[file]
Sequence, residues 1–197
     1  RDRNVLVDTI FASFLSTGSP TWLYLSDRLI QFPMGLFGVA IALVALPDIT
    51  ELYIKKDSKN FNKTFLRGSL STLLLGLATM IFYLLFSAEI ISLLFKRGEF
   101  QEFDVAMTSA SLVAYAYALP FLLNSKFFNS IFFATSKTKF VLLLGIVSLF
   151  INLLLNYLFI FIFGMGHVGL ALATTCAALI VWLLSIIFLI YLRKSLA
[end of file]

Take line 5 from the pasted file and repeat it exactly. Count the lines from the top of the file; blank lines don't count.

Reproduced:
   151  INLLLNYLFI FIFGMGHVGL ALATTCAALI VWLLSIIFLI YLRKSLA